I feel pretty..

I feel pretty….

If only you knew what it takes for me to say that, and to mean it.

As far back as I can remember being “different”, I remember hating pictures being taken of me.

Hiding behind my peanut, not looking at camera.

Always being the “fat friend” I have learned how to be the first one to take the pictures of everyone else, and if I was ever dragged in front of the camera, I know how to hide behind someone else, push my rear out, arch my back, lean forward, shoulders back, chin up, and “smile”. And then take the camera back, and delete all the pictures of myself.

Floating Head.

Floating Head, a few years before.

Head still floating.

Hide behind a friend, with a fake smile.

Hide behind a hug.

A few weeks ago, still hiding-ish. (No floating head though… 20 years later, progress)

I have “such a great personality”, pretty eyes, cute dimples, great smile… … Or so I’ve been told.

Blah.. blah.. blah.. Compliment the “fat friend”…

It wasn’t until this weekend, that I saw “it”.

Over a year ago Danne did another impromptu photo shoot of me. This past weekend, as she was getting ready to launch her new website, she called me over to her computer to see a picture I had forgotten all about.

I just stood there for a moment. Looked at my friends, and said “I’m pretty.”*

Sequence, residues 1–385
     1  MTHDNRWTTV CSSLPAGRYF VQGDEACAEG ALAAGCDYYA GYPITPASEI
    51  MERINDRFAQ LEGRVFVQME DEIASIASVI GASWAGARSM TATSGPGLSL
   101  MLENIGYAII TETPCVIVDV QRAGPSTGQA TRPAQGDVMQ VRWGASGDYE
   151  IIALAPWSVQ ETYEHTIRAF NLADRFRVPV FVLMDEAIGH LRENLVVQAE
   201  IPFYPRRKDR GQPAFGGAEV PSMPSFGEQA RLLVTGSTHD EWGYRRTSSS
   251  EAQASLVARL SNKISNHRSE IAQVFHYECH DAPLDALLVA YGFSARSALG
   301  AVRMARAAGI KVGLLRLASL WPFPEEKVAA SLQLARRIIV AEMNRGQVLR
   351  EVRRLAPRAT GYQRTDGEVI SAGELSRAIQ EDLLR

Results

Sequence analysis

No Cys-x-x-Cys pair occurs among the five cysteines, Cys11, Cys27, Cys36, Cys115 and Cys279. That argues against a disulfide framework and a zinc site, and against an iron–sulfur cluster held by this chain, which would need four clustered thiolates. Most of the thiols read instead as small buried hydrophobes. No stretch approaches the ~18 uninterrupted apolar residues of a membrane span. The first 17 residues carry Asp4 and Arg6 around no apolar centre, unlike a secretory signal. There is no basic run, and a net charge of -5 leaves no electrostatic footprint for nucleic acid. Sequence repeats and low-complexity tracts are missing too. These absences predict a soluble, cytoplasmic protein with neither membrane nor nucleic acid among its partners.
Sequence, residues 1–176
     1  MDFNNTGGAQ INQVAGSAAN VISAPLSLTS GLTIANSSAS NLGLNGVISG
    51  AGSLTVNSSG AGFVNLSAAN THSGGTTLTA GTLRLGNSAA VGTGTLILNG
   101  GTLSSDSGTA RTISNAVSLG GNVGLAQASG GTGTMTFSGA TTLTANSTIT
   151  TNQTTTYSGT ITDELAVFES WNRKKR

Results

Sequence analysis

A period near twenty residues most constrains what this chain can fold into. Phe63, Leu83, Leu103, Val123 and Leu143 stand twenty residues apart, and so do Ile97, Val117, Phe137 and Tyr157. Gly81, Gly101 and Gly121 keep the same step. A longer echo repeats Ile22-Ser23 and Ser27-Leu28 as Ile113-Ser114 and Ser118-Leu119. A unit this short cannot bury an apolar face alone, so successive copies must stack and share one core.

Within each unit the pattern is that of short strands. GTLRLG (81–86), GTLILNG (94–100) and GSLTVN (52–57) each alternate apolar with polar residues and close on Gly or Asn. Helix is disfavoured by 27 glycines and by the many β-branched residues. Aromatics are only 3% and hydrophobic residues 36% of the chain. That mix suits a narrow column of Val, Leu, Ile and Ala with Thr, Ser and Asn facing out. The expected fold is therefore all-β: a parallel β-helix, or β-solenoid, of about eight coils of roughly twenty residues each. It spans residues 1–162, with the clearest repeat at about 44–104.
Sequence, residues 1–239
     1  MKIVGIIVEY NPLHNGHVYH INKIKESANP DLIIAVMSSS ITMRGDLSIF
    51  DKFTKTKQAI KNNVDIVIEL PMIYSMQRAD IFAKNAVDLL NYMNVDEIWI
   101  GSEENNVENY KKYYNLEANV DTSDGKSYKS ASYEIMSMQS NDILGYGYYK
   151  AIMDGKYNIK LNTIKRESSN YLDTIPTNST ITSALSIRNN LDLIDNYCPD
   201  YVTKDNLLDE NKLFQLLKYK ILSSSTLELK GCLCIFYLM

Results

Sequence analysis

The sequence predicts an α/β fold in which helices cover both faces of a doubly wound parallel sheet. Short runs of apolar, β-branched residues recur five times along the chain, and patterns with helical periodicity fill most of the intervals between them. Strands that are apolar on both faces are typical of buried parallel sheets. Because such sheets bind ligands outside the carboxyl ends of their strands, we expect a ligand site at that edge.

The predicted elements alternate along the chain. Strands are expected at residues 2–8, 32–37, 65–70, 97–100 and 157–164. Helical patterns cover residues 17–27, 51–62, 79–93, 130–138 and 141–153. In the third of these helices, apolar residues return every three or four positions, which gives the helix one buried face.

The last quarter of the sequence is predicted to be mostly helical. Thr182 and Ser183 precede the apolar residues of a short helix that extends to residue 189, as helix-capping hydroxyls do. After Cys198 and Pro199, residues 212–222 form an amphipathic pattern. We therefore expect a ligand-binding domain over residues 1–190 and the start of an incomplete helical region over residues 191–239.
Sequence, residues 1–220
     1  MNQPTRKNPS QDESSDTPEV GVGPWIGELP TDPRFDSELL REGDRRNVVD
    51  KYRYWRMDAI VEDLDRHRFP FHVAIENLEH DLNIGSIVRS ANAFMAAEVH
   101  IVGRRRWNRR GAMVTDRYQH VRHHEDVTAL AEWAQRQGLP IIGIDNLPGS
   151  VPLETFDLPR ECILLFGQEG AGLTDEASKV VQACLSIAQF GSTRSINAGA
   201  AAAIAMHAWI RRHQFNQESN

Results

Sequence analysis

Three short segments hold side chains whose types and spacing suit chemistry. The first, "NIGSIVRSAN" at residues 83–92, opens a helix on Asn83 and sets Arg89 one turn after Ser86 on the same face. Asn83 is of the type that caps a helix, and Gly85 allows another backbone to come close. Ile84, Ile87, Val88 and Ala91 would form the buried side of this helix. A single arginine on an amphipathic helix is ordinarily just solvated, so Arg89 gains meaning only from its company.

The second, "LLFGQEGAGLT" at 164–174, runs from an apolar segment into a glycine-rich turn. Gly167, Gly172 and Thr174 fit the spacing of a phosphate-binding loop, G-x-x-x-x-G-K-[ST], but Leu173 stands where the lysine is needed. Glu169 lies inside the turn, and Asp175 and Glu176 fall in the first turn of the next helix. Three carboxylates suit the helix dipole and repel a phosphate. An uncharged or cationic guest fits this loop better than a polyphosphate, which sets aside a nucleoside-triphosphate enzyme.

Moving forward, and not hiding…


*(from Danne: “I believe my exact words were, “You’re positively stunning!” To which your exact reply was, “Oh My God, I’m pretty!””)

You IS a princess !

Mary is about four, and last month she made me a memory I pray I never forget.


I only get to see Mary about once a month. One Monday night each month my role as After School Program Tutor expands to babysitter for the parenting classes that Urban Youth Impact offers to the mothers in the community. Instead of working on homework with the kids, or being in a disipline role, this Monday night each month is a chance for me to let my hair down, literally, and have fun with the kids.


Mary and her two sisters were playing with my hair, fighting over who gets how many rubber bands, pulling, tugging, and twisting my hair into an updo that has never, or will ever be seen again. My hair at this point is knotted and knarly, and I am trying to figure out a way to divide my head so that each girl has her own section to work on. I was not successful.


I am trying to control chaos in our little corner of the room, so I give Mary a rubber band and as she is standing right in front of me creating what must have been a masterpiece of my bangs. I whisper to her “Mary, I feel like a princess.”


Mary takes one step back away from me, and with an emphatic tone, and a sort of confused expresion on her face, and toothless smile, tells me “Ohh, but Miss Julie, you IS a princess”.